Home > B2, Learning, Mr. O. Recommends > Do as I Say, Not as I Do

Do as I Say, Not as I Do

Recently in our government class, we did a project in which we looked at some hypothetical court cases and determined whether or not they were legal under the Constitution. I remember thinking that this was kind of cool but when would I ever use this? It wasn’t until I began reading a recent article about the Justice Department suing an Arizona Sheriff that I actually began to think of whether what was happening was legal. In this article, Sheriff Joe Arpaio is being sued by the Justice Department on the grounds that his methods and reasons for seeking out illegal immigrants are infringing on the rights of the citizens living in the area. In this blog post I will explain why this is a legal lawsuit through the judicial system, as well as explore several reasons for why Sheriff Arpaio is guilty in the lawsuit.

 To begin, it is important to understand who is in the judicial branch and what do they do? The judicial branch of our government consists of three levels of courts: the district courts, the court of appeals, and the Supreme Court. The district courts are essentially the courts where everything happens first. Most of the time a case will begin and end here as they are not of national issue. The 2nd level of courts is the court of appeals. In the appeals courts, cases are appealed to a higher authority than the district court when one party is unsatisfied with the job done by the district courts. The final and highest level of courts is the Supreme Court. The Supreme Court is responsible for determining if a bill or act is unconstitutional. In this specific instance where Sheriff Joe Arpaio is being sued, the case will begin in the district courts just as all the others do, but I would not be surprised if this is eventually taken to the Supreme Court as both sides feel that they are doing right by the Constitution and protecting rights held by the people.

To analysis this case we must understand that the U.S. Constitution was written long ago without these specific instances in mind, but that it still holds true today. First off, the lawsuit is not a criminal one that you often see on TV, but rather a civil case where the defendants are accused of creating a “pattern or practice of unlawful discrimination” against Latinos, as stated in a recent New York Times Article by Fernanda Santos. The Constitution states in the 7th Amendment in the Bill of Rights that, “the right of trial by jury shall be preserved, and no fact tried by a jury, shall be otherwise re-examined in any Court of the United States, than according to the rules of the common law.” This basically means that the accusations against Sheriff Arpaio will be presented in front of a jury of his peers in which he will be able to plead his case.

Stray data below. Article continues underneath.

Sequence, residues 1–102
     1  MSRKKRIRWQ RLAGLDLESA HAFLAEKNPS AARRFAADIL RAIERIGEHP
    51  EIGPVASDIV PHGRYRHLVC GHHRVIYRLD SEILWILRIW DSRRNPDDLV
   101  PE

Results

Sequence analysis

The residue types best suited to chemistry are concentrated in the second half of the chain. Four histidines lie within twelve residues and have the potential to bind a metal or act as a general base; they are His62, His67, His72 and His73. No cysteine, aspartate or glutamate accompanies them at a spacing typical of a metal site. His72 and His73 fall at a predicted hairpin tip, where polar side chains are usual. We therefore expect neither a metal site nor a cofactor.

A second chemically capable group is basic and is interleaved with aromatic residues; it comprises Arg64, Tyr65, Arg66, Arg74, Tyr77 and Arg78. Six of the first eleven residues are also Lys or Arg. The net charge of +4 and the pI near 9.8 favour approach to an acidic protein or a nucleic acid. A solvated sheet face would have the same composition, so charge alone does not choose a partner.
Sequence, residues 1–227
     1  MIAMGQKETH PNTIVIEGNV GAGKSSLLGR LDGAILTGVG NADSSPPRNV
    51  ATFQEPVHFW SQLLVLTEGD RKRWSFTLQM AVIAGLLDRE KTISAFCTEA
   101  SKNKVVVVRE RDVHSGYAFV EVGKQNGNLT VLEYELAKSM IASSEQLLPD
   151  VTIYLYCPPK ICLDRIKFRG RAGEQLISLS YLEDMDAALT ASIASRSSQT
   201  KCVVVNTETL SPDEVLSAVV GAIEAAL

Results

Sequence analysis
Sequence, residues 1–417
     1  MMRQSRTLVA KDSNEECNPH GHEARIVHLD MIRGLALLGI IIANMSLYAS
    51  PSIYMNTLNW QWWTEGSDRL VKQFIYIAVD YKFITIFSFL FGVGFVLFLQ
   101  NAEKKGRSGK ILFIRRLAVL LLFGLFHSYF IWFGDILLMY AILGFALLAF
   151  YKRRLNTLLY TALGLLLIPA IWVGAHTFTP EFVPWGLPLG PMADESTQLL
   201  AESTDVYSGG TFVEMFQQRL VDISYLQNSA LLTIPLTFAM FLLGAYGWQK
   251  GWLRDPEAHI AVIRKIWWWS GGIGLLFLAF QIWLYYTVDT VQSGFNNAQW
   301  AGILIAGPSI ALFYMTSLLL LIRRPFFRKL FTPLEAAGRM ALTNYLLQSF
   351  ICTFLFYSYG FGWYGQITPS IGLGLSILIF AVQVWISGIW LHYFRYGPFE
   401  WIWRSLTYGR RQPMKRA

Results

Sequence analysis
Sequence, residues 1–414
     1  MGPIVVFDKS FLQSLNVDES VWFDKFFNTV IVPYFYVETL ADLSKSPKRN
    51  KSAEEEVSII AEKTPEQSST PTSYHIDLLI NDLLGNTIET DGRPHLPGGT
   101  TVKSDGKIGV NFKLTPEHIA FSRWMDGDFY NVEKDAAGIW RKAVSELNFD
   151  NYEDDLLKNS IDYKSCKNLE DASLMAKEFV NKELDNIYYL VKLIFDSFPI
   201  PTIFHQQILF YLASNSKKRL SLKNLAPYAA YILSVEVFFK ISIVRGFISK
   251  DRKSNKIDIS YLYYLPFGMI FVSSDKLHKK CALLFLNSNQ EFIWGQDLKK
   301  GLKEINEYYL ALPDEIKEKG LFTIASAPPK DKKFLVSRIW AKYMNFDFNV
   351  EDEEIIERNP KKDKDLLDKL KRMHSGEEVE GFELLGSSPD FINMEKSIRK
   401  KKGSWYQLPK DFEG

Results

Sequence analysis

Now that the basics of the situation have been covered, I am going to give you a couple Constitutional points as to why Sheriff Arpaio is in fact guilty. To begin, it states in the same New York Times article that many Latinos were “five to nine times more likely than their non-Latino counterparts to be stopped or searched… for appearing disheveled or dirty or if it was deemed that too many people were in the back seat.” This in itself is unconstitutional because it violates the 4th amendment in that these citizens were unjustly searched and then later detained merely for their appearance which they cannot control. Next, in the same case investigation it is said that, “suspicion and grounds for arrest have been heavily influenced by ethnicity or poor English skills.” This fact clearly goes against everything the founding fathers stood for when they were writing the Constitution. They spoke of establishing justice, insuring domestic tranquility, providing for the common defense, promoting the general welfare, and securing the Blessings of Liberty to every man, woman, and child without prejudice as stated in the Preamble of the Constitution.

I believe that through the general knowledge of the judicial system and the U.S. Constitution, it is clear to see that Sheriff Arpaio has committed an unconstitutional act and should be punished accordingly. I hope that through my posting, you have learned a little more about your court system and how it runs in a real world situation that was interesting. I encourage you to do more research on your own and formulate your own opinion on Sheriff Arpaio’s case. Is he guilty or not?

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  1. DanielAGov
    May 16, 2012 at 9:47 am

    I found the case to be quite interesting and your choice of pictures grabbed my attention. It is informative and well written. With the information given I also believe the sheriff is guilty as well. There are laws for a reason that prevent what he is doing and he is discriminating against potential citizens who may not know English well and what he is doing could be considered racist for how he is stereotyping the people he sees. Tucker you could have maybe enlarged the picture of the judges or placed it where it could divide the paragraphs up to create a little more spacing but over all it was a well written and interesting post.

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